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Bug 55348 - dhcpcd obtains invalid lease upon restart
dhcpcd obtains invalid lease upon restart
Product: Red Hat Linux
Classification: Retired
Component: dhcpcd (Show other bugs)
i386 Linux
medium Severity high
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Assigned To: Elliot Lee
Depends On:
  Show dependency treegraph
Reported: 2001-10-29 19:54 EST by Patrick J. LoPresti
Modified: 2007-04-18 12:37 EDT (History)
2 users (show)

See Also:
Fixed In Version:
Doc Type: Bug Fix
Doc Text:
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Clone Of:
Last Closed: 2004-06-28 13:08:42 EDT
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Regression: ---
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Verified Versions:
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oVirt Team: ---
RHEL 7.3 requirements from Atomic Host:
Cloudforms Team: ---

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Description Patrick J. LoPresti 2001-10-29 19:54:41 EST
Description of Problem:
If you restart dhcpcd, it obtains a new lease with a negative lease time.

How Reproducible:

Steps to Reproduce:
1. Boot a Red Hat 7.2 system which uses dhcpcd to obtain an IP
address.  Examine the /var/state/dhcp/dhcpd.leases file on the DHCP
server to see that the lease looks good.
2. Reboot the system, or just do "/etc/rc.d/init.d/network restart".
3. Look at dhcpd.leases again, remembering that the *last* entry for
any particular lease is the operative one.  Observe that the lease
expires before it was issued.

Actual Results:
The second lease expires before it was issued.

Expected Results:
The second lease should expire at the same time or later than the
first lease.

Additional Information:
If you do "/etc/rc.d/init.d/network stop", then "rm -f /etc/dhcpc/*",
then "/etc/rc.d/init.d/network start", the new lease is correct.  So
this has something to do with dhcpcd's use of its state files when
obtaining a lease.

Our DHCP server is Red Hat 6.2, using the dhcp-2.0-3 RPM.  It has been
serving leases flawlessly for years to 250+ machines of various
operating systems, so I highly suspect this is a problem with the
dhcpcd client.

Note that the DHCP server really does think the lease has expired, and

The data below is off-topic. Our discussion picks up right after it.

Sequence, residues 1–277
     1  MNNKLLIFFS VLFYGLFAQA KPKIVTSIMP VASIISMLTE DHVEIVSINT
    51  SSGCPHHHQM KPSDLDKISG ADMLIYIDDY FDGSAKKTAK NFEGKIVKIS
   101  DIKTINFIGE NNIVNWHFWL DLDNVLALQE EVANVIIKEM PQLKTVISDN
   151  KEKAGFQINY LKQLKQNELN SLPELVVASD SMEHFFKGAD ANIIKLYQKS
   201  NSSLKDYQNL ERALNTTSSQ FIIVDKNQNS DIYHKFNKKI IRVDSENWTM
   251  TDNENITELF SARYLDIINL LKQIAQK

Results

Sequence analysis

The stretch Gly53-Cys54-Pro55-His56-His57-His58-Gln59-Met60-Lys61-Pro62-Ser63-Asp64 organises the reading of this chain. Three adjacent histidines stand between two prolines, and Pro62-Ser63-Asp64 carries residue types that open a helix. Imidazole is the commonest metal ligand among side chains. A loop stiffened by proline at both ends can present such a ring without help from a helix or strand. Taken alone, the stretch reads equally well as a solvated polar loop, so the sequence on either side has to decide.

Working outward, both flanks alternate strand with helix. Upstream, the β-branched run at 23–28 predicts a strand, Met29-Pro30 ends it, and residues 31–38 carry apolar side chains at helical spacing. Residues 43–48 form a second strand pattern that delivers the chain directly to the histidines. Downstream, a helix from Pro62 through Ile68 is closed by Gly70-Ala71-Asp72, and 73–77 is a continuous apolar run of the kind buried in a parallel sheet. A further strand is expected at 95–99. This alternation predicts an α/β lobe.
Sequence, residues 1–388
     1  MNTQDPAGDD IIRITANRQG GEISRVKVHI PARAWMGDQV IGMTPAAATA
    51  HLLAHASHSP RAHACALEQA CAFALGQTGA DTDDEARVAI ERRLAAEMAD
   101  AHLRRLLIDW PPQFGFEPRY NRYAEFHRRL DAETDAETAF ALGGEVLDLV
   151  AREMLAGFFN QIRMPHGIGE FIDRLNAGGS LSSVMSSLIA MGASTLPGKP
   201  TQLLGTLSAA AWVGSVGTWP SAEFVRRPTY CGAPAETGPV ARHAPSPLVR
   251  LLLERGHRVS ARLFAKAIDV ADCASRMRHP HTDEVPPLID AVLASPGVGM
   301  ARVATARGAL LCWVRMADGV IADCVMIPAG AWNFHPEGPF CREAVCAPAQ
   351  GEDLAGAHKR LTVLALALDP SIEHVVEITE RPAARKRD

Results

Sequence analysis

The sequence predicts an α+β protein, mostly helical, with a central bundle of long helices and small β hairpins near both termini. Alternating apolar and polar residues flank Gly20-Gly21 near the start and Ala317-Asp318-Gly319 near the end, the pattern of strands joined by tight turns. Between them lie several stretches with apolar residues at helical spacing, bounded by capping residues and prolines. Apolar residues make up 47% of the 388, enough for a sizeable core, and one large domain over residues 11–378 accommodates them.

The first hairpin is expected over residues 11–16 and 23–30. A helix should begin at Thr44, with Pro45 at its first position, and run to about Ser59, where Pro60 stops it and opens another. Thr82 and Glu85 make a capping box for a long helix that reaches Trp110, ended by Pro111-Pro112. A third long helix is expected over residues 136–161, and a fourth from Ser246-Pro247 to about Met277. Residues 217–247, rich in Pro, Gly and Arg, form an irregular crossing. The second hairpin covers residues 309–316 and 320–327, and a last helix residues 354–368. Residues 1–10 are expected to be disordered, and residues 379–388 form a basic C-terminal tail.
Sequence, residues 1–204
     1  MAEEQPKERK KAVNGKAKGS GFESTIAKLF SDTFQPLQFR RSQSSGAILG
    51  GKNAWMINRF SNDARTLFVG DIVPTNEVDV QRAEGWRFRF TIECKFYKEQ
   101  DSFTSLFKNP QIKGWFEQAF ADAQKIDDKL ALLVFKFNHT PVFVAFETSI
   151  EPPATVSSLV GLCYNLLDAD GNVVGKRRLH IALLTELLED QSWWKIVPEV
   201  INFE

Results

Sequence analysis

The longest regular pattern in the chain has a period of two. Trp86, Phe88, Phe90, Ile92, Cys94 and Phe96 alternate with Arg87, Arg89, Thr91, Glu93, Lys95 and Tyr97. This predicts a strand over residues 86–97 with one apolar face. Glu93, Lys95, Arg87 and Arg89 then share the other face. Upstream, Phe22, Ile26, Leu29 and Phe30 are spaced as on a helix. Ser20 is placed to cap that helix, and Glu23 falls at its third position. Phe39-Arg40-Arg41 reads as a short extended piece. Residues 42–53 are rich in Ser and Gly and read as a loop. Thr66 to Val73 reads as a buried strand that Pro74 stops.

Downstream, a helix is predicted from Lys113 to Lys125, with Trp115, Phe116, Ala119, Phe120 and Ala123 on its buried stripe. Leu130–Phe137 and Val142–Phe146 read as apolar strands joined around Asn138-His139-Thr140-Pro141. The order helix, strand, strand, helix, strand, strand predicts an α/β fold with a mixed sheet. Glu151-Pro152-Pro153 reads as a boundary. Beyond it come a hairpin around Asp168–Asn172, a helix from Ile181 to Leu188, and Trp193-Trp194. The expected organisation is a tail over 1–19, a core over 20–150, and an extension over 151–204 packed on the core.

it is willing to hand out the same IP address to another machine.
This is bad enough that I consider this a "High" severity bug.

Let me know if you require additional information.
Comment 1 Dan Anderson 2001-10-30 03:16:11 EST
This happened to me too.  I upgraded from RH 7.1 to RH 7.2.
Everything worked perfectly after the upgrade.
I didn't reboot, but restarted all the daemons by hand to make sure things were
going OK.


The system (RH 7.2) hung during booting at this message:
Bringing up interface eth0

Then I booted single user  and did a "init 3".
It still hung.  I broke out of it and reran the "/etc/init.d/network start"
command.  It worked.  Looking further, I see the /etc/init.d/network
startup script hangs at this command:

/sbin/dhcpcd -n eth0

I edited the /etc/sysconfig/network-scripts/ifcfg-eth0 script and disabled
dhcp and enabled static IP addresses.  I can do this as I have a
Linksys DSL router/firewall.  If you can't use static IP addresses
(say because your ISP won't give them one to you), I do NOT recommend
upgrading to RedHat 7.2, at least yet.

If I run "/etc/init.d/network start", then type cntl-c and run it 
(/etc/init.d/network start) again, it works
(i.e., eth0 is configured and I can ping and so on).
Comment 2 Olivier Baudron 2001-12-29 16:56:04 EST
For the lease time bug, I think the problem is on the dhcp server side.
/etc/dhcpc/dhcpcd-*.cache is only used by dhcpcd to remember the IP adress and
ask for the same one if the PC reboots. Also, there is no notion of absolute
time in dhcpcd. As is said in rfc 2131, the client may ask for a lease time,
represented by an _unsigned_ int (0xffffffff means infinite). So, if the server
assigns an expiration lease time in the past, there is a problem with it.
Comment 3 Elliot Lee 2002-01-04 14:50:35 EST
If you would care to try some solutions, you can rebuild dhcp-3.0-3 or
dhcpcd-1.3.21pl2-1 from rawhide...
Comment 4 Jason Gilbert 2002-02-14 17:44:06 EST
<i>As is said in rfc 2131, the client may ask for a lease time,
represented by an _unsigned_ int (0xffffffff means infinite). So, if the server
assigns an expiration lease time in the past, there is a problem with it.

This is what I assumed.  Most likely your server does not have a
default-lease-time or max-lease-time configured.  dhcpcd must have been changed
to not request a lease time or an infinite lease.  Adding both of these options
worked for me.

I noticed this because I had a script that was updating DNS and wasn't adding
7.2 machines anymore.  I assume the script thought the infinite leases were
actually expired leases.

Works for me now.


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